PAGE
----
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Gao Shan Zhai 2011 Autumn

Gao Shan Zhai 高山寨 literally means “high mountain village” but at 1100m elevation, it is actually a bit lower than most Puer producing mountains in Yunnan. Gao Shan Zhai is very close to Yiwu town proper, and is famous for its strong fruit & floral fragrance. Watch out for the blissful chaqi and latent huigan. 20minutes after drinking you can still feel the sweetness in the throat, making you crave another cup! See reviews by Marshaln, Hobbes, and Jakub Tomek.
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Steeping Instructions:
Use 8g of tea in 100ml brewing vessel. As this is Autumn tea, adjust your steep times to be a bit longer than usual. This tea can be re-infused 10 times.

Gao Shan Zhai 2011 Autumn

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Compare against our 2014 Spring Gao Shan Zhai and 2013 Spring Gao Shan Zhai for a vertical tasting.

Customer Reviews

This tea has some great qi

Review by Haveteawilltravel (from Steepster)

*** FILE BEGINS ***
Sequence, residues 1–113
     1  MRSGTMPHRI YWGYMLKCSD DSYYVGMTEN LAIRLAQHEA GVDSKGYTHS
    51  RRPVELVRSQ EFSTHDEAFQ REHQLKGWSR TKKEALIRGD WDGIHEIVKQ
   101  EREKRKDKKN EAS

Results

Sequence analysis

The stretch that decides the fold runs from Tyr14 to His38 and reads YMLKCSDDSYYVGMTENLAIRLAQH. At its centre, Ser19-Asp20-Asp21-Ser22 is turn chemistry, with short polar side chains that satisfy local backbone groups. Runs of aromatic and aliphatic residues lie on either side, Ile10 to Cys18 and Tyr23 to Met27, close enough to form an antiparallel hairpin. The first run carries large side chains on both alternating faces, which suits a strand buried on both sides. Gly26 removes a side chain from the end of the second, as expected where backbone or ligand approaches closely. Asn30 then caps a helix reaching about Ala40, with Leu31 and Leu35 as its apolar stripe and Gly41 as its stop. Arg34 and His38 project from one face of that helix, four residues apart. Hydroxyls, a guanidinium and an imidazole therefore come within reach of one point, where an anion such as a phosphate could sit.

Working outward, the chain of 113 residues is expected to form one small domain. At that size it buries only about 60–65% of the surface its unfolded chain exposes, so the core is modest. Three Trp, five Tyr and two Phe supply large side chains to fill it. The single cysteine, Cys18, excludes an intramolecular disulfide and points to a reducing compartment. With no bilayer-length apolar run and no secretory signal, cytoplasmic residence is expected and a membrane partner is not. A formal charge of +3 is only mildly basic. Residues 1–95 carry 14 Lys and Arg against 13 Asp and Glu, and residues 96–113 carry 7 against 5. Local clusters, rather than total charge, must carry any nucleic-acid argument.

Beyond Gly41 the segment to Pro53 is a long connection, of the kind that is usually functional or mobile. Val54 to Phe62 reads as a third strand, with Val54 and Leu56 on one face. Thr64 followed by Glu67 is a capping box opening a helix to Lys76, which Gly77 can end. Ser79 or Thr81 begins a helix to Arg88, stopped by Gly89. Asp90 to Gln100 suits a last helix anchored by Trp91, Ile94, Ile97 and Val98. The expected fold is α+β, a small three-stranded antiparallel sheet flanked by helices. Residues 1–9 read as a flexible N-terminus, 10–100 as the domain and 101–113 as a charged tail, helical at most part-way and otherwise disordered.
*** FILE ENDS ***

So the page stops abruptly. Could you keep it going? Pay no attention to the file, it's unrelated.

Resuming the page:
The dry leaf is loosely compressed with soft tones of spice, some sweetness, and an autumn leaf pile (figures). The leaves are very dark and are beginning to show their age. I warmed my pot up and slipped some inside. The aroma creeps out with sweet dark fruits, buckwheat honey, grain, graham cracker, and some fig. However, a note an odd blueberry note in the background that draws me in to this fruity medley. I washed the leaves once and prepared for brewing. The taste is leafy at first (so descriptive right), but it proceeds to a pronounced mossy taste with some brown sugar in the back. The next sip brings a clear peach note that pierces through the roughage. The brew flows with fruity sweetness; however, this flavor does not last long. This tea moves into a woody category with mild astringency, and I suppose the tea likes it best there cause it does not leave. In fact, the brew continues on this path of wood, dry, and bitter for the remainder of the session. On the contrary, this tea has some great qi. The sensation begins in the temples and slowly massages inwards and outwards; A full encompassing body high with good vibrations. The qi continues to move about and flows really well. Actually, I only continued to drink for the qi. I’m not sure how I feel about this tea, but I don’t believe I will buy a cake. The qi is good, but it is too much wood for me.